A recent article about COVID-19 “long haulers” in the peer-reviewed medical journal The Journal of the American Medical Association (JAMA) referenced Solve M.E. and our You + ME Registry and Biobank.
In “As Their Numbers Grow, COVID-19 ‘Long Haulers’ Stump Experts,” writer Rita Rubin details the persistent symptoms of those long haulers who have yet to fully recover from COVID-19. A number of leading medical professionals and researchers have observed that the long hauler experience echoes that of people with Myalgic Encephalomyelitis/Chronic Fatigue Syndrome (ME/CFS).
According to Mady Hornig (MD), a physician-scientist at Columbia University, about 3 out of 4 people diagnosed with ME/CFS report that it began with what appeared to be an infection (often infectious mononucleosis caused by Epstein-Barr virus (EBV)). She speculates that SARS-CoV-2 infection might reactivate latent EBV, triggering debilitating fatigue.
Dr. Hornig has a long history of studying the role of immune disturbances in brain conditions like ME/CFS and she points out the importance of this moment in JAMA:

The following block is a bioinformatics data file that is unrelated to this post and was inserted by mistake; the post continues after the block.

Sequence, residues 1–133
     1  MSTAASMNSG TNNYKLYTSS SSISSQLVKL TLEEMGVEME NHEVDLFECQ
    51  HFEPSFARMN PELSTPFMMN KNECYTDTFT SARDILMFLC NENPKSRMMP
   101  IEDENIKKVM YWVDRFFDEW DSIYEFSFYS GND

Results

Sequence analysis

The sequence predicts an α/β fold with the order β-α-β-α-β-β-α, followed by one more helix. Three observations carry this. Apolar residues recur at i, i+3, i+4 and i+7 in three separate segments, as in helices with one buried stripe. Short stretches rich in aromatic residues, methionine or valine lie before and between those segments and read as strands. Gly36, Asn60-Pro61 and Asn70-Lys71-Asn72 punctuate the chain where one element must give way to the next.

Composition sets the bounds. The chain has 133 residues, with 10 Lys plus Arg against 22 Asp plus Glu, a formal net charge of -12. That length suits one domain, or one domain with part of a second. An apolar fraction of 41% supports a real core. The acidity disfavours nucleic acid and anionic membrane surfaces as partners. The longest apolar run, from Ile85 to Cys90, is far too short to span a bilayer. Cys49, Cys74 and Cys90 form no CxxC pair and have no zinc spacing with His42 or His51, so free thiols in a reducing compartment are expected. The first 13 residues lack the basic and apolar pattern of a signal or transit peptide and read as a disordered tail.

“Because of the large number of COVID-19 cases occurring simultaneously, we have a unique scientific window and a huge responsibility to investigate any long-term consequences and disabilities that COVID-19 survivors may face. Doing so will provide clues and potential treatment candidates for the millions of Americans already diagnosed with ME/CFS.”
In partnership with Dr. Hornig, Solve M.E. has designed prospective studies to gather data and biological samples from people with longhaul COVID using the You + ME Registry that will help researchers study long-term effects from the disease. People with ME/CFS are already contributing their data to You + ME, so we can also explore similarities and differences of long-COVID and ME/CFS.
Read the article in its entirety here.
Solve M.E. Offers Public Comments on
ME/CFS Data Collection
Solve M.E. recently submitted public comments on Proposed Data Collection for the Multi-site Clinical Assessment of ME/CFS (MCAM) Study. The Centers for Disease Control and Prevention (CDC) published Document Number 85 FR 46633 in the Federal Register to solicit public comments regarding standardized tests and instruments to collect data on ME/CFS patients from multiple clinical practices.
A public comment is a recommendation or concern submitted to a federal agency providing relevant feedback to a proposed rule or regulation under consideration by the U.S. government.
Public comments are an important part of the law-making process. They offer the opportunity for all people, not just lawmakers, to participate in the drafting and refining of laws.